The Spanish Supreme Court recently refused to overturn a decision by the Territorial Registry of Intellectual Property of Extremadura to refuse to register the copyright in a bullfight. Specifically, it refused to register a work entitled: Bullfight, with two ears with tail, request to the bull "DIRECCION000" nº 94, weighing 539 kgs, born in February 2010, Garcigrande livestock Fair of San Juan de Badajoz, June 22, 2014.
The appellant, Don Laureano, argued that not only was this particular fight artistic but that the delivery of it was, of itself, a manifestation or precise fixation of it and worthy of copyright as a result. He said it should never have been refused by the Registry in the first place. Parallels were drawn by Laureano with choreography - a form of expression that could, the Court conceded, be protected as copyright.
However, the Spanish Supreme Court rejected his arguments. The Court of Justice of the European Union had already ruled out football games as being copyrightable in (C-403/08 and C-429/08) Football Association Premier League and, although the analogy did not map onto bullfighting perfectly, it was still a "sport" constrained by rules and a format that left insufficient room for copyrightable creative expression. Equally, a bullfight was not, the Court said, a work of sufficient specificity or precision to warrant protection. Quite unlike choreography, a bullfight could not be recorded in recognisable notation and could never be reproduced.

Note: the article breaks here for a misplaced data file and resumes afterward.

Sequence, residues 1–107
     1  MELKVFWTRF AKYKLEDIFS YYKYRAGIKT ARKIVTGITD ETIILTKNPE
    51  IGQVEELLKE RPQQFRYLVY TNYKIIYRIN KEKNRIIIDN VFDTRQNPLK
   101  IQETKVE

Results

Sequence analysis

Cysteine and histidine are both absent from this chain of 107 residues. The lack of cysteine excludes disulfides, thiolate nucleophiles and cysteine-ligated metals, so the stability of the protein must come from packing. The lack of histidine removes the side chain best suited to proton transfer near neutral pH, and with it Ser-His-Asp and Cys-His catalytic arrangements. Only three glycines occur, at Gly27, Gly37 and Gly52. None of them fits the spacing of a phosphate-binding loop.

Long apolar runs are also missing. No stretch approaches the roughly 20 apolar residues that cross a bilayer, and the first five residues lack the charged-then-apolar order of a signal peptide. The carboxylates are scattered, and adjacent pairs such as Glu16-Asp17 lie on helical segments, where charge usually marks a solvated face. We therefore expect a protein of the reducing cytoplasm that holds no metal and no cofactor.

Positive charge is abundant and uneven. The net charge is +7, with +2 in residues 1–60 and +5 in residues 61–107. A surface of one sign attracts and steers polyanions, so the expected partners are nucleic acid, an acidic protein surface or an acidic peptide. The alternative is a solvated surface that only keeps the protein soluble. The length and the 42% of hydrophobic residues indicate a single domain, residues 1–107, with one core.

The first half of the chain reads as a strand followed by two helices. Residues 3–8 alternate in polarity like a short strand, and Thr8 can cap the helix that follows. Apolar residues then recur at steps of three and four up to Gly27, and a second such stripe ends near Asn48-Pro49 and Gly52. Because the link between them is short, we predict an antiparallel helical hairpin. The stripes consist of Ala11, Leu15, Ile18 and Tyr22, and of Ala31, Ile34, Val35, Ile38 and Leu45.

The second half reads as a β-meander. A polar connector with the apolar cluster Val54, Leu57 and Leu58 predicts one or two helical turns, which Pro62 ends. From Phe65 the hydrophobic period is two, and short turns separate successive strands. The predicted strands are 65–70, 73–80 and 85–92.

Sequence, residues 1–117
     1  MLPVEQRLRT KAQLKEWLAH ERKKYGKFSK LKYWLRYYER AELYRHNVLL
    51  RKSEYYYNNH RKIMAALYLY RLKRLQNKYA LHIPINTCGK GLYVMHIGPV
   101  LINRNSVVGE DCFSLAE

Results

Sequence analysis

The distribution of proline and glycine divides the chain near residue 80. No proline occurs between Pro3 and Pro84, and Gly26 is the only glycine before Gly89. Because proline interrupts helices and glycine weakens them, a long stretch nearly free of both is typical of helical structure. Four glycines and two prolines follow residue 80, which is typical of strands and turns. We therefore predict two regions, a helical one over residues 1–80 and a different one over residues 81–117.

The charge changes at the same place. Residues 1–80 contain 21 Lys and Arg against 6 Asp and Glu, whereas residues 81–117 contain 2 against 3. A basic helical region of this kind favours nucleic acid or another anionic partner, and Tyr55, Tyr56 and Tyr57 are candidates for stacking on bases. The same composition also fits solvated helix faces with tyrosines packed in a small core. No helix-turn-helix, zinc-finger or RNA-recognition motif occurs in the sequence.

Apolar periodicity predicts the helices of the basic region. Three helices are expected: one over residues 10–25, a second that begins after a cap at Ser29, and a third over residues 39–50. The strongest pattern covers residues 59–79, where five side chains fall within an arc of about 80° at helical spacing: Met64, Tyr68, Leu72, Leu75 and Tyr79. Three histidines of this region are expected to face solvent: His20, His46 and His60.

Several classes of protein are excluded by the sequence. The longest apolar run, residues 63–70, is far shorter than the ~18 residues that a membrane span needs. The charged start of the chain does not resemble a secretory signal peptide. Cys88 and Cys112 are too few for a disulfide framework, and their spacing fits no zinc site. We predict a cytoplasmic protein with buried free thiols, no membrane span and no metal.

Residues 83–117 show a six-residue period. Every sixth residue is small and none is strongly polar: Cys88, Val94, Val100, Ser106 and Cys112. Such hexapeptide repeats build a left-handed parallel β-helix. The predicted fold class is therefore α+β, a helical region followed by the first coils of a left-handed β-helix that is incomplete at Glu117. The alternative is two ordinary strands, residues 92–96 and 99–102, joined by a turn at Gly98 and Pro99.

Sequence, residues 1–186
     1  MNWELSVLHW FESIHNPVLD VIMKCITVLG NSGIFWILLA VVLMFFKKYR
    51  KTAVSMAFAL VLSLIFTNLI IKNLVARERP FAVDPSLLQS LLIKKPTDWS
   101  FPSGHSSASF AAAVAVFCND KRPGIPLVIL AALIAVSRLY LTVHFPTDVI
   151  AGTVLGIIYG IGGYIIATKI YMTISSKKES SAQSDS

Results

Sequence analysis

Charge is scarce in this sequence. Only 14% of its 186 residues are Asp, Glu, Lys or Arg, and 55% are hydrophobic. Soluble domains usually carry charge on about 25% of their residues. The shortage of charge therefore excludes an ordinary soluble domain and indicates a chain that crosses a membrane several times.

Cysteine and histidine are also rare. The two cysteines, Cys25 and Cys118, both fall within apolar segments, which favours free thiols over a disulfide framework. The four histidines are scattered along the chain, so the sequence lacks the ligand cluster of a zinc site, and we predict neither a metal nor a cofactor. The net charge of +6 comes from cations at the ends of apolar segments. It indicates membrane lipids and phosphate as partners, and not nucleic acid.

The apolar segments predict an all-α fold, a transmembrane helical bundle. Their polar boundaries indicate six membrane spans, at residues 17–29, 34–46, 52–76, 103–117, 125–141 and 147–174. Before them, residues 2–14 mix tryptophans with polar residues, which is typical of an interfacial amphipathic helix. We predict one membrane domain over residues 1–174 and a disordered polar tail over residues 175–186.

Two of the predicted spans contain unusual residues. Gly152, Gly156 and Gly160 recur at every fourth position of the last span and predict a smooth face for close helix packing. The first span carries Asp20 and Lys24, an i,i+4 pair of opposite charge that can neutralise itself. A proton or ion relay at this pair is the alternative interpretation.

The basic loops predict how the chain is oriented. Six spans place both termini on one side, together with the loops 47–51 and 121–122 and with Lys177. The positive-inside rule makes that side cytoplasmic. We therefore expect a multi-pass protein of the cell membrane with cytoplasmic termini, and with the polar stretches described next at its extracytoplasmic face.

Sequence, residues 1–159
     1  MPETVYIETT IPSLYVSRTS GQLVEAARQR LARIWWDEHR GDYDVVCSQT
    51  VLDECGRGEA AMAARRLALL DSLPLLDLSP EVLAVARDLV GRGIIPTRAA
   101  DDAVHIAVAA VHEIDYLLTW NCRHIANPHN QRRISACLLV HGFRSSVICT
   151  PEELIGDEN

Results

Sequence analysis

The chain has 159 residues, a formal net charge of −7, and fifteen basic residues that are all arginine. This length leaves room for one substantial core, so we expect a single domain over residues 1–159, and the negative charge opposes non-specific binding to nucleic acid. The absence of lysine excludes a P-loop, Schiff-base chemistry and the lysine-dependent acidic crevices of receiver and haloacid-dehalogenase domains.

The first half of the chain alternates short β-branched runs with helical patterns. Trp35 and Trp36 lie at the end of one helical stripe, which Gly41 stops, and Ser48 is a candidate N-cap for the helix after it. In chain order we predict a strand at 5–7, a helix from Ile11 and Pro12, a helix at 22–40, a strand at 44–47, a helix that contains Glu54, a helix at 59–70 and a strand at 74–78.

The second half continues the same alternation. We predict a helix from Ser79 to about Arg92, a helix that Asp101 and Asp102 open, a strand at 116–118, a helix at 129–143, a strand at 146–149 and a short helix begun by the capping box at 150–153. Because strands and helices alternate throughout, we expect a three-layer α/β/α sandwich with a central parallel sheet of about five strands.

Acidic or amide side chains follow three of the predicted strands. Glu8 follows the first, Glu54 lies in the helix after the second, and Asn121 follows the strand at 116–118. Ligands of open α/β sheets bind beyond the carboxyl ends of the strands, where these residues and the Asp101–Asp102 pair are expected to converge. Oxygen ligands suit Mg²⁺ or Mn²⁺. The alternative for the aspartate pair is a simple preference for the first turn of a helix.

European copyright law has been simplified in recent decisions such as Cofemel, which confirms a (relatively) uniform, low, threshold for originality across the EU. But, decisions like this remind us that there are other hurdles to overcome apart from originality.
Whilst we do not expect that many of our readers will be disappointed to hear that bullfighting is a write-off for copyright protection, there may be implications for other works that involve, for example, audience participation - or indeed any other factors outside of the creator's control. This case highlights the importance of keeping records and recordings of any work in an unusual format that are as detailed and as precise as possible. If copyright protection is not available for the work itself, it may yet attach to the recording of it.
But, without diminishing the artistic consideration that the work of a bullfighter can be recognized by critics and fans, and of the feelings it may generate in those who witness it, as reflected in the work of some famous poets (Gerardo Diego, Federico García Lorca, José Bergamín, among others) and painters (Goya, Picasso, Fortuny, Sorolla, also among others), if it is to be protected as intellectual property, in view of the purpose of this protection, must meet the requirements of a [copyright] work.